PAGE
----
Resistive RAM – A New Approach

Resistive random-access memory (RRAM) is widely hailed as the “most likely to succeed” in the race to develop a new, more scalable, high capacity, high performance and reliable memory.

A typical RRAM cell has a switching material with different resistance characteristics sandwiched by two metallic electrodes. The switching effect of RRAM is based on the motion of ions under the influence of an electric field or heat and the switching material’s ability to store the ion distribution, which in turn causes a measurable change of the device resistance.

Compared to traditional Flash memory, RRAM is faster, bit-alterable and requires lower voltage, enabling its use in both embedded and SSD applications. The simple RRAM cell structure offers best area efficiency (4F2 cell), excellent scalability and 3D integration potential (both 3D stacking and vertical cell). RRAM requires lower programming currents than PCM or MRAM with comparable performance in terms of retention and endurance.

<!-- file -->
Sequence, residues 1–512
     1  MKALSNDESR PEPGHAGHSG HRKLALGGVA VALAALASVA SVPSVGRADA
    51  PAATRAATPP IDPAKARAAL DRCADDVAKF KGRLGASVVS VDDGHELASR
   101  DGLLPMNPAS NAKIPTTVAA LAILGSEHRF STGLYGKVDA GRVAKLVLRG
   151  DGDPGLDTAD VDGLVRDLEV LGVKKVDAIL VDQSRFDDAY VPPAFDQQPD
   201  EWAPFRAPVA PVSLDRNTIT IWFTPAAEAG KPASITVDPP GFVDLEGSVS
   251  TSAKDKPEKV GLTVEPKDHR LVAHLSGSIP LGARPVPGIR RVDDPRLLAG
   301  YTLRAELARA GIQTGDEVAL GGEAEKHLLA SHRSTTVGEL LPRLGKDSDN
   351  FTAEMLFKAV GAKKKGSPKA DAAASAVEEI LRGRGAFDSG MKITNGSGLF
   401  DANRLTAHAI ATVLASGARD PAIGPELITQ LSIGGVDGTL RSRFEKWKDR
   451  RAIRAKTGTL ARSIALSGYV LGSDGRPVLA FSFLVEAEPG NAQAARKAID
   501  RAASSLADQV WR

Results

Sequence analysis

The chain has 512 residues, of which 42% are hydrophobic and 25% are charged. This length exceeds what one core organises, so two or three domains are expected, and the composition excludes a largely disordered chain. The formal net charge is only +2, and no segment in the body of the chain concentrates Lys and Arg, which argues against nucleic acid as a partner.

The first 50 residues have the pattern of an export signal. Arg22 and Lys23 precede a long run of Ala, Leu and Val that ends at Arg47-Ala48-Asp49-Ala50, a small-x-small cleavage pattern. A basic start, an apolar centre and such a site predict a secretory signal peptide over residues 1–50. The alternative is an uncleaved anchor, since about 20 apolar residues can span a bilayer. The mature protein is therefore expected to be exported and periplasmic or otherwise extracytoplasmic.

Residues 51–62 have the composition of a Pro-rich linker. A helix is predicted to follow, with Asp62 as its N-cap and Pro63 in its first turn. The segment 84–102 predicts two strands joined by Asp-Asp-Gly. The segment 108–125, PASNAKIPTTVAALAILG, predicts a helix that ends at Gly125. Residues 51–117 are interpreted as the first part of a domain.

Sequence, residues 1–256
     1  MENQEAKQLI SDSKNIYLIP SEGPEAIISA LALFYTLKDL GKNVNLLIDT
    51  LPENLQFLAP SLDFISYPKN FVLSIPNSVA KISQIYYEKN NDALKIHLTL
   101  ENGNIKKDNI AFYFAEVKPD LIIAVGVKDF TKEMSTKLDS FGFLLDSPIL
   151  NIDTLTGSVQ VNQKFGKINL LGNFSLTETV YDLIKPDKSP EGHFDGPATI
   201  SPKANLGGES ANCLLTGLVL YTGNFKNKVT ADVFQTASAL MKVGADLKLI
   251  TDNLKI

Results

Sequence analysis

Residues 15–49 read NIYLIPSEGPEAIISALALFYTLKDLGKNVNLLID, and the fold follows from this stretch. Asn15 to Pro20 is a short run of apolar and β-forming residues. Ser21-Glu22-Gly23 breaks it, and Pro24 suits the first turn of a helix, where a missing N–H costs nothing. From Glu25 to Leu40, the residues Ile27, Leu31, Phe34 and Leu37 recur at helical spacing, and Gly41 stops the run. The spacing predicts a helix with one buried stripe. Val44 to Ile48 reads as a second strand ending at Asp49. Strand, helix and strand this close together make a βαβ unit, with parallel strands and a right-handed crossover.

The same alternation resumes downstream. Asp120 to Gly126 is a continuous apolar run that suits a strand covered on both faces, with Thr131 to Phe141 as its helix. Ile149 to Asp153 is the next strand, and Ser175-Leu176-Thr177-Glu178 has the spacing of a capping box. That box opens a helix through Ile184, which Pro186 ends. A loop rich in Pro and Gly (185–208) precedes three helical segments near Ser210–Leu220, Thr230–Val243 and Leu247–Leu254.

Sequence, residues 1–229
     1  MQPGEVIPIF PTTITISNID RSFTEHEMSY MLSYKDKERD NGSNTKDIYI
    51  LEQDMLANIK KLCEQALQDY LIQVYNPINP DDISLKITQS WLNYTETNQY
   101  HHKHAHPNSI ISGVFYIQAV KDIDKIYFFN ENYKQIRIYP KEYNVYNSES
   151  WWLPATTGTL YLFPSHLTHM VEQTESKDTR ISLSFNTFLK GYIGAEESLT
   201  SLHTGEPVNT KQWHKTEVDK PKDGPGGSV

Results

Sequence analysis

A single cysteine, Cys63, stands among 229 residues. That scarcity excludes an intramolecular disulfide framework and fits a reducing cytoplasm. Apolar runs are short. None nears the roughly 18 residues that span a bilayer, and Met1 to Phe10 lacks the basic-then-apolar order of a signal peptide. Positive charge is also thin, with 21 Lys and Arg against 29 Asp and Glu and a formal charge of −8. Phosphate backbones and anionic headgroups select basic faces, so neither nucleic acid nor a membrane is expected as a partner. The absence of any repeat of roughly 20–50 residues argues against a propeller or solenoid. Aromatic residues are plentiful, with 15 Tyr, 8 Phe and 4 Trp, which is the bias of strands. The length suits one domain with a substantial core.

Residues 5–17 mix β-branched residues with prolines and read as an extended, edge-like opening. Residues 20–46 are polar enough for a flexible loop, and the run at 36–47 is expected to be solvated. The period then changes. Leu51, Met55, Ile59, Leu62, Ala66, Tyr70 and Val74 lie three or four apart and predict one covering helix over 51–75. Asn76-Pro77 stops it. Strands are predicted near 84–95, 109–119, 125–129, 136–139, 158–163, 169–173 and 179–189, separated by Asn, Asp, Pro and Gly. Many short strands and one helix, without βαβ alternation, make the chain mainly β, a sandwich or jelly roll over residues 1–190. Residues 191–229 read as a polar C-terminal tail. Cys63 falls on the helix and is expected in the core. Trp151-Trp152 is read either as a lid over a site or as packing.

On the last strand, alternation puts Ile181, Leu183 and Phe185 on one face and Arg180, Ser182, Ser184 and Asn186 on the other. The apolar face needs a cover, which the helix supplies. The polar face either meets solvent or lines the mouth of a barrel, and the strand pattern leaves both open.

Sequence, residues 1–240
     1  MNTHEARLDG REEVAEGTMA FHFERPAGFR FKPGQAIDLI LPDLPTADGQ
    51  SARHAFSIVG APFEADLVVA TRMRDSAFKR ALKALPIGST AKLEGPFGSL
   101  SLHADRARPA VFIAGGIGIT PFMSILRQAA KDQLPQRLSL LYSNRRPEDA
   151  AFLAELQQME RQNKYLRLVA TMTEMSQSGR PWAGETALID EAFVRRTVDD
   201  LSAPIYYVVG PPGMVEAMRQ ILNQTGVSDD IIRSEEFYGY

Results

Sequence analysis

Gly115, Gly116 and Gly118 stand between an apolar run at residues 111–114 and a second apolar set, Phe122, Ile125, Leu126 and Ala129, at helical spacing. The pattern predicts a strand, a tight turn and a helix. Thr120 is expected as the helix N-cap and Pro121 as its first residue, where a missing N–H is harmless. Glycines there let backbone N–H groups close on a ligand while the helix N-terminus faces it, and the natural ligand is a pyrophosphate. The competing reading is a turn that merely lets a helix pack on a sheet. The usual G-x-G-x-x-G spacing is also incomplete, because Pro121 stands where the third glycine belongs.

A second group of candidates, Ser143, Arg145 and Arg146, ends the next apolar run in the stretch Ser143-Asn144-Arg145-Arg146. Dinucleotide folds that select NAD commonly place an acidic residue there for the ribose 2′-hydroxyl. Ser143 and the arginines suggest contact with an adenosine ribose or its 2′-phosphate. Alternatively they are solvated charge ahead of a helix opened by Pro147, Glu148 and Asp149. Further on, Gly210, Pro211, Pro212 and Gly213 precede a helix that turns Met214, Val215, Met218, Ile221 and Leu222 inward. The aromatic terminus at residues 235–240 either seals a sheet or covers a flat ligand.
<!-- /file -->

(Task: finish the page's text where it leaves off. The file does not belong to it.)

There are different approaches to implementing RRAM, based on different switching materials and memory cell organization. Those variables drive significant performance among the different materials being used.

RRAM has already been the subject of intense research and development, with several companies claiming to have prototype memory chips available in the next 1-2 years.

One of the biggest challenges for RRAM technology has been the integration of the RRAM array with standard CMOS technology and standard manufacturing processes. Crossbar RRAM technology has proven its manufacturability with a working array produced in a commercial fab. This working silicon is a fully integrated monolithic CMOS controller and memory array chip. The company is currently completing the characterization and optimization of this device and plans to bring its first product to market in the embedded SOC market.